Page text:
Sphere as an embedded submanifold

  • Thread starter jem05
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  • #1
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hello,
i already have 2 ways using 2 theorems to prove that a sphere is an embedded submanifold.
i just want to check if i can prove it using this specific theorem:
let M and N be manifolds
if \phi : M --> N is an embedding, then \phi (M) is an embedded submanifold.
because i am having trouble finding this \phi.
thank you.
 

Answers and Replies

  • #2
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Submanifold of what? It makes no sense to speak of a submanifold without referring to what manifold it's a submanifold of. For instance in your theorem you assert that [itex]\phi(M)[/itex] is a submanifold of N.

If you don't care what manifold it's a submanifold of you can just use the rather trivial example of letting [itex]\phi : \mathbb{S}^n \to \mathbb{S}^n[/itex] be the identity, and then getting that [itex]\mathbb{S}^n[/itex] is a submanifold of itself (or do you perhaps only want to deal with proper submanifolds?).
 
  • #3
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yeah sorry, i forgot to mention in the theorem, a submanifold of N, as you said.
and i do want it a proper submanifold,
i guessed N might be R^3, for instance.
 
  • #4
430
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Well in that case you know the n-sphere is a subset of the (n+1)-dimensional Euclidean space [itex]\mathbb{S}^n \subseteq \mathbb{R}^{n+1}[/itex]. [itex]\mathbb{R}^{n+1}[/itex] is of course a manifold so we just define [itex]\phi : \mathbb{S}^n \to \mathbb{R}^{n+1}[/itex] to be the inclusion [itex]\phi(x)=x[/itex]. This is an embedding.
 
  • #5
662
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" Well in that case you know the n-sphere is a subset of the (n+1)-dimensional Euclidean space .S^n is of course a manifold so we just define Phi: S^n -->R^(n+1) to be the inclusion Phi(x)=x . This is an embedding." (Sorry,I don't know well how to use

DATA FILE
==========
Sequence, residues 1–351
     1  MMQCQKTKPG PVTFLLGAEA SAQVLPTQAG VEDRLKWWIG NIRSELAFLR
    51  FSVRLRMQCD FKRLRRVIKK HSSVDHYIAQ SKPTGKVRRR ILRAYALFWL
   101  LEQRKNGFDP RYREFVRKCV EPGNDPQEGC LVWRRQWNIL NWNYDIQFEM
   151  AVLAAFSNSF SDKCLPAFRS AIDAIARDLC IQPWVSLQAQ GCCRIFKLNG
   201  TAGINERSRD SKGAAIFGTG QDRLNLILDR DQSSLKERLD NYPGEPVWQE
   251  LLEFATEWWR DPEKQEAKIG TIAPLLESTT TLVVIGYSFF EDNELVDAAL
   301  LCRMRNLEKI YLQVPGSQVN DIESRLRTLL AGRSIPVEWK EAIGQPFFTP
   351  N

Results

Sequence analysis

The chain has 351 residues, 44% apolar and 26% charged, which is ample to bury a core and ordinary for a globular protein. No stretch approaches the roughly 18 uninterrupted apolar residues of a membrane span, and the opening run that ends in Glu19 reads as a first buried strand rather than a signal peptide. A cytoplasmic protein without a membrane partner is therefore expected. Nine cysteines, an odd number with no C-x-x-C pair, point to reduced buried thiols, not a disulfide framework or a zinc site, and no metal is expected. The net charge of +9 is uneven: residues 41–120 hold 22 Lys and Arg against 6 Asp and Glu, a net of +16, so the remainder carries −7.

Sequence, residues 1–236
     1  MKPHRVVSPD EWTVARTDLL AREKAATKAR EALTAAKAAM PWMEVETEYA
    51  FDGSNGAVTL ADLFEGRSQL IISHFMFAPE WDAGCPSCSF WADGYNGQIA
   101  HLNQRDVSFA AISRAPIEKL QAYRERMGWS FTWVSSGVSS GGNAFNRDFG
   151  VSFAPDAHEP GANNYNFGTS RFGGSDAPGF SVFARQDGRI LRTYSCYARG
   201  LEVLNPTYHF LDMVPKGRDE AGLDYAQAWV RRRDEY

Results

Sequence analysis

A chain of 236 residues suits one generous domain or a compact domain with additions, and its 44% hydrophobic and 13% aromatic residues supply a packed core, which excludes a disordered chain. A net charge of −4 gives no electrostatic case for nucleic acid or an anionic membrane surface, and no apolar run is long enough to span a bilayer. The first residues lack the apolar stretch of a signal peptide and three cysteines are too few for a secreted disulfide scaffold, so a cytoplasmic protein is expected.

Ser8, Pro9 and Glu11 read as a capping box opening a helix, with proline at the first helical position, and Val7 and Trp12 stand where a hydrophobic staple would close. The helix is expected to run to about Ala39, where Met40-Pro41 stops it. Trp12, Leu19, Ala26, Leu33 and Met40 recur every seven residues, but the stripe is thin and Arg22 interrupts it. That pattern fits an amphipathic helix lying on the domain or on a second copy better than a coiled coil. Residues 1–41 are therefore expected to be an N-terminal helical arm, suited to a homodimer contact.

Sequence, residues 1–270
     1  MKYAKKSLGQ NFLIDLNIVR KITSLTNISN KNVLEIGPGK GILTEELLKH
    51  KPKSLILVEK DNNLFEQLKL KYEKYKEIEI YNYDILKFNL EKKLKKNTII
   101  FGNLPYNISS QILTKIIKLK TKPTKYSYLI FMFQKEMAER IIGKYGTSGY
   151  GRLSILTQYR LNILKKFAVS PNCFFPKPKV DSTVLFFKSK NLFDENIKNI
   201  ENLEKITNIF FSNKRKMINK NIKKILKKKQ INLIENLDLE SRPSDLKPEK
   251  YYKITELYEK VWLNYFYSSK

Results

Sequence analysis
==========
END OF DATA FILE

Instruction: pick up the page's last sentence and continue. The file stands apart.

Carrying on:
quoting function)

I think this is somewhat tautological, i.e., that if A is a subset of X, A given
the subspace topology, then the inclusion map of A in X is an embedding
into X, but I may be wrong:

Given a space X, and a subspace A of X, the inclusion map i:A-->X is always an
embedding:

i) Let U be open in X. Then i^-1(U)=U/\A , open in subspace of A in X.

ii) Let V open in (A, subspace) . Then V=W/\A ; W open in X
then i(V) is open in the subspace topology of X.
 
  • #6
430
3
I think this is somewhat tautological, i.e., that if A is a subset of X, A given
the subspace topology, then the inclusion map of A in X is an embedding
into X, but I may be wrong:
This is correct. I'm sorry if I somehow conveyed with my post that it was a non-trivial fact. jem05 was asking for an embedding from the n-sphere into some larger topological space, so I just provided the simplest one I could think of.
 
  • #7
662
1
ramshop wrote, in part:

" This is correct. I'm sorry if I somehow conveyed with my post that it was a non-trivial fact. jem05 was asking for an embedding from the n-sphere into some larger topological space, so I just provided the simplest one I could think of. "

No problem. It is the only one I can think of myself, other than maybe the cube, or
minor variations of it.
 

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